The Tao of Gaming

Boardgames and lesser pursuits

Which profession(s) are good at games?

Via Marginal Revolution, I noticed a post asking if Economists are better at games.

I was torn over whether to invite a few game-theory pros for fear that they might whip my proverbial ass. Who better to consult than a neuroeconomist? Kevin McCabe told me he had not seen any formal studies of how game theorists perform in strategic settings, though some game theorists do quite well at bridge.

I don’t recall seeing any economists in my gaming sessions, so if they are strong, they don’t seem to want to play. [Of course, I don’t know the professions of about half of my regular opponents]. Interestingly, the one PhD economist I know does play a high-caliber game of bridge. If I had to pick one profession that consistently shows up (both in numbers, and strength) I’d say ‘computer professional/engineer.’ While I know strong opponents with many different backgrounds, that one just keeps popping up again and again. I don’t consider this surprising, as it’s the most common ‘analytic’ profession.

My background plays a part, no doubt. Since I went to technical colleges, I know quite a few programmers (and in my “Top 10 opponents” list, a good chunk are from grad school). I do know strong players from a wide variety of backgrounds, but don’t know enough economists to say for sure. I suspect the answer is “no” (for general games), although for games that match up closely with game theory, they probably do fine.

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Written by taogaming

March 1, 2005 at 10:30 pm

Posted in Misc

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  1. Do the Motley Fool guys count as economists?

    Doug Orleans

    March 2, 2005 at 8:42 am

  2. I also see mostly engineers and computer professionals in my gaming groups. (I myself am an engineer so there is some self-selection.)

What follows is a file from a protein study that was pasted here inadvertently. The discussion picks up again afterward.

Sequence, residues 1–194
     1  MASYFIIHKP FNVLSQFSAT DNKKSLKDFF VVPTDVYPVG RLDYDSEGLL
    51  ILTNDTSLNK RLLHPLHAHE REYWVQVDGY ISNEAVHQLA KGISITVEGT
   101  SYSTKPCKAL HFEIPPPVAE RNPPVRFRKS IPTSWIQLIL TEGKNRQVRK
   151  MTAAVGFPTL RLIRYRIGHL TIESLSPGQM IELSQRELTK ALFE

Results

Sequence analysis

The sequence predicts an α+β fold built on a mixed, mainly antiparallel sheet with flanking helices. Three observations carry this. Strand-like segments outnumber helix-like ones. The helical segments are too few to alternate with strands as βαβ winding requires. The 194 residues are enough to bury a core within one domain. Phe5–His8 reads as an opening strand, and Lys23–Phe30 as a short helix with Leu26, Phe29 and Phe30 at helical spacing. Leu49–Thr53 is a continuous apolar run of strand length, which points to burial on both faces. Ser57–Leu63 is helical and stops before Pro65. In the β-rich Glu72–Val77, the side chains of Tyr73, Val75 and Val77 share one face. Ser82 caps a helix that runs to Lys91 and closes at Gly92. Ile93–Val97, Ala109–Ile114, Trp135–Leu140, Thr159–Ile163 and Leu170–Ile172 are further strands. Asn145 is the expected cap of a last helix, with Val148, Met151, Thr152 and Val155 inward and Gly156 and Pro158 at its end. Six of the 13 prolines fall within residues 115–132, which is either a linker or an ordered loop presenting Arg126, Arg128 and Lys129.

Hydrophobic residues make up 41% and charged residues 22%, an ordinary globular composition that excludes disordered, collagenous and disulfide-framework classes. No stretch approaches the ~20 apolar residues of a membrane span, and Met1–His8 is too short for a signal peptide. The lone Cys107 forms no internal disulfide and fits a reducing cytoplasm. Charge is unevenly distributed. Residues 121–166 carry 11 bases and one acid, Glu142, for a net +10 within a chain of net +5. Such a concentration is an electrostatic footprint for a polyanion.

My wife is getting her PhD in economics and most of her colleagues are not the gaming type (obviously that is a small sample size).

    I doubt a knowledge (and general use) of game theory, rational/irrational behavior, etc, would necessarily predispose someone towards board games. In my (limited) experience, economists are more interested in analyzing large amounts of data to prove/disprove theories on concrete effects of laws, water quality, etc. A gaming night would have little significant data (especially when games are played “optimally” via min-max), and the solution spaces are rather large.

    Psychologists seem more likely to be interested in small-scale studies like a gaming night.

    Oops, now I notice that the question is what profession would be *good* at board games. That’ll teach me for opening my mouth without reading carefully. I would guess/judge that economists with the right background (e.g., game theory) might do well at hidden information, concrete valuation games (e.g., bridge), but that most boardgames are rather more studies of character/personality or have choices whose utility is indeterminate.

    Ryan Beasley

    March 4, 2005 at 1:31 pm


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